Cyclops Lesion (Knee)
Definition[edit | edit source]
Introduction[edit | edit source]
A cyclops lesion with loss of knee extension with or without an audible or palpable cluck at terminal knee extension constitutes the cyclops syndrome. Clinically it is reported to have prevalence of 1% to 10 % but magnetic resonance imaging (MRI) studies have shown the physiological changes occurring in about 25% to 47% of cyclops lesions. In some cases the studies have shown that, chances of its prevalence increases as time passes post anterior cruciate ligament reconstruction (ACLR) with the incidence being reported 25% up to first 6 month of ACLR to 33% at 1 year after ACLR, and further to 46.8% after a year of ACLR. Among all theses patients only 10% are known to be symptomatic. 
Clinically Relevant Anatomy[edit | edit source]
Cyclops lesion is commonly found to be on the anterolateral aspect of the tibial insertion site of the anterior cruciate ligament (ACL) graft and made up of fibrovascular tissue. Jackson and Schaefer describe the lesion as having peripheral fibrous tissue around centrally located granulation tissue. It may have bone or cartilaginous tissue as well.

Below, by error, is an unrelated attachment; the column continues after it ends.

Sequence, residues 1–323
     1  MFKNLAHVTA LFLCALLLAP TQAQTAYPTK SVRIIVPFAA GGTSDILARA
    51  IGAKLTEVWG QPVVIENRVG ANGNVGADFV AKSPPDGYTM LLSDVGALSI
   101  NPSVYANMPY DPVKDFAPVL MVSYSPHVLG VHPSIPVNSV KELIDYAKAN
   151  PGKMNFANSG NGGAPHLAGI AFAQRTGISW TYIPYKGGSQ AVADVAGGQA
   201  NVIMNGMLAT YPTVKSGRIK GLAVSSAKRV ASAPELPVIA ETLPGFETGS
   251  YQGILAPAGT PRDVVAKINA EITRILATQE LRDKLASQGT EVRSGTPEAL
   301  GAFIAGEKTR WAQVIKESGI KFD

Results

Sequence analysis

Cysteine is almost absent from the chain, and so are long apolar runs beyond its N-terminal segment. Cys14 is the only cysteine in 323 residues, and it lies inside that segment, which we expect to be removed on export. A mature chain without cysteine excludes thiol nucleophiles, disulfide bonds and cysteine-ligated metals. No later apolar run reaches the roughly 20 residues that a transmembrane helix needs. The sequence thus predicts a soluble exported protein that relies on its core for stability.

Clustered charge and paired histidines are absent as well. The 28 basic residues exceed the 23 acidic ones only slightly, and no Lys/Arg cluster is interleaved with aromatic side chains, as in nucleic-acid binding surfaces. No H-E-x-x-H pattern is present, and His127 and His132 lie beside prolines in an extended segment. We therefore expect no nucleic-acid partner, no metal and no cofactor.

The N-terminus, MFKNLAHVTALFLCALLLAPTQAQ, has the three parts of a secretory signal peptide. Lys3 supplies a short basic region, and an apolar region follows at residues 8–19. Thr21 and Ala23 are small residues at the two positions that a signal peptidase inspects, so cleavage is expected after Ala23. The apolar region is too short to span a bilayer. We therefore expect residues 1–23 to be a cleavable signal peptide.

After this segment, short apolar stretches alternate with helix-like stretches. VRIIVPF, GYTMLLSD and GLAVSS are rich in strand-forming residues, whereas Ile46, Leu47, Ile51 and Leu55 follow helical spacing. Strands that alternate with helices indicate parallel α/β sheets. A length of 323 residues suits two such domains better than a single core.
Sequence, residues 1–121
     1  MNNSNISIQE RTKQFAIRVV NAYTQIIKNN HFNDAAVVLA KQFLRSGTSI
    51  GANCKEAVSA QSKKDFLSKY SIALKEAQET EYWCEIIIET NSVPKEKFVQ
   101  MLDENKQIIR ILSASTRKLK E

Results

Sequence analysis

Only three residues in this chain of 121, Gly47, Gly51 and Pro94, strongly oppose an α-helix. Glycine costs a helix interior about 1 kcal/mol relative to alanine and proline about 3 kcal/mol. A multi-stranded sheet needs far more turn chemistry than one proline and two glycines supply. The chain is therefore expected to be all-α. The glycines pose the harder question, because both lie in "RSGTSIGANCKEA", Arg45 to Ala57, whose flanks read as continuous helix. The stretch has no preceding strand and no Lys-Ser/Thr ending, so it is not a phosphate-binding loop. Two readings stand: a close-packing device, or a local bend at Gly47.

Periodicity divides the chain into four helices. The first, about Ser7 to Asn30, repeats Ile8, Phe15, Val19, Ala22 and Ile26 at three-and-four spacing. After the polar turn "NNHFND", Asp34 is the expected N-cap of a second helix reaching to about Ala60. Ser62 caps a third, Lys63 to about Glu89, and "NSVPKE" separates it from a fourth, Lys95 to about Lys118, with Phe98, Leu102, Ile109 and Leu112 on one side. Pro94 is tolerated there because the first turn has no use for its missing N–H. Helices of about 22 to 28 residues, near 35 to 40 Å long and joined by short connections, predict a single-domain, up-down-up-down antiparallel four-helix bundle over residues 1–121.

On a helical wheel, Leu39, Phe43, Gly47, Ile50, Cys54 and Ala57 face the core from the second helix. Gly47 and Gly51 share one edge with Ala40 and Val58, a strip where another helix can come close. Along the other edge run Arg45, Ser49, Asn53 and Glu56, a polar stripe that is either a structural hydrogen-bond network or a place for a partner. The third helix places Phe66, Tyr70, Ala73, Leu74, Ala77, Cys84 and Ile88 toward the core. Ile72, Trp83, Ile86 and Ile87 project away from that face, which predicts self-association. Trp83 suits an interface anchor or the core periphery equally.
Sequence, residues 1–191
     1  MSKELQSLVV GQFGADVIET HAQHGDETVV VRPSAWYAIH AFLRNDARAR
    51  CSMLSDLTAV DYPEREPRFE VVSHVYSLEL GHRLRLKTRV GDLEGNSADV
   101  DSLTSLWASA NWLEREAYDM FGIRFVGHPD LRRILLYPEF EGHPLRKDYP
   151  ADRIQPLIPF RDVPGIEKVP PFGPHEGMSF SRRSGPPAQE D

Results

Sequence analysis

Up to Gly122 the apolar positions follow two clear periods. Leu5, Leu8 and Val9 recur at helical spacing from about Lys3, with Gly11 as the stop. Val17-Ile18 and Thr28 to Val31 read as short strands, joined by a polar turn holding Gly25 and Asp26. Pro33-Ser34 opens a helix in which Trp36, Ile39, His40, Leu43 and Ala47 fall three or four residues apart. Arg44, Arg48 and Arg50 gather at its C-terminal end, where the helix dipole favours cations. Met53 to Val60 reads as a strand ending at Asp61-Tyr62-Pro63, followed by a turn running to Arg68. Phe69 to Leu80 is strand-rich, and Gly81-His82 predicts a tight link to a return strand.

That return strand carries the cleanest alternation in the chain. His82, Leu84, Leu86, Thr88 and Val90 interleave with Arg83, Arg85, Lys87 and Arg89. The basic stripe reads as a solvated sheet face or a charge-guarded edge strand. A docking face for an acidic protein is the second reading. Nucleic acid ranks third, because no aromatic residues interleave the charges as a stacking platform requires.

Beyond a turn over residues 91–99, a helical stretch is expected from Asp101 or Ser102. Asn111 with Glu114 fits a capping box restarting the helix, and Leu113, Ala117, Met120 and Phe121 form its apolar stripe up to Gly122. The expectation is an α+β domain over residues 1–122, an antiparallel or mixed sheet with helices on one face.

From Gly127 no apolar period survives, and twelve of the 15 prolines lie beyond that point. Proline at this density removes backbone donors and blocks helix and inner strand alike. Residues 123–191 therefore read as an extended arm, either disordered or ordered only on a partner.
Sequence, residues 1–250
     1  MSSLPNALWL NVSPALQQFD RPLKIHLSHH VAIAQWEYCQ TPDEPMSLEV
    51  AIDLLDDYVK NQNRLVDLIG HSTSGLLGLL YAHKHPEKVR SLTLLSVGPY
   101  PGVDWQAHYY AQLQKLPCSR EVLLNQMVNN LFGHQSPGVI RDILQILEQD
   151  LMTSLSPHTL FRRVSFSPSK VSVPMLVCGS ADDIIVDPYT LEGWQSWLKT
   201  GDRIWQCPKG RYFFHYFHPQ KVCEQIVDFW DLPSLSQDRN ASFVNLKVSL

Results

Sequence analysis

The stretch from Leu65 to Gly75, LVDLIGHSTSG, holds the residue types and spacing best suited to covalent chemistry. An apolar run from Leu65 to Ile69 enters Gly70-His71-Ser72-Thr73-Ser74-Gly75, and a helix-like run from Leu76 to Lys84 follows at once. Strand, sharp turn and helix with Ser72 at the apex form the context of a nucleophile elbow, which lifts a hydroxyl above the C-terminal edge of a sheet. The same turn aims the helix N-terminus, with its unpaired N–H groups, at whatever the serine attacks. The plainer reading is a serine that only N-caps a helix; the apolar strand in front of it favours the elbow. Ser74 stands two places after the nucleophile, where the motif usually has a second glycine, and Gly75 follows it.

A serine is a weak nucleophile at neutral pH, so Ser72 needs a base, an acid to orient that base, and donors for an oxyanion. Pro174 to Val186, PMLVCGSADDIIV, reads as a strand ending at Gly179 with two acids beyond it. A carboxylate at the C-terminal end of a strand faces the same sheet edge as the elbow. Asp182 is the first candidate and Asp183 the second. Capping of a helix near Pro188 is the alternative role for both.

Mechanism of Injury / Pathological Process
[edit | edit source]
The cyclops lesion is a nodule of fibrovascular tissue with the arthroscopic appearance of a cyclops with peripheral fibrous tissue. Cyclops lesions have been reported after complete and partial ACL tears. Microtrauma following injury leads to the formation of the nodule and has been found following different types of ACL grafts and reconstruction types. Sonnery-Cottet et al. found cyclops lesions to be more common in double-bundle and quadriceps grafts compared to single-bundle and hamstring grafts. This may be due the larger volume of the graft impinging in the knee joint.
Risk Factors[edit | edit source]
Khambhampati et al report 8 risk factors for cyclops lesions:
- Female sex due to narrow intercondylar notch
- Increased volume of graft in relation to the notch size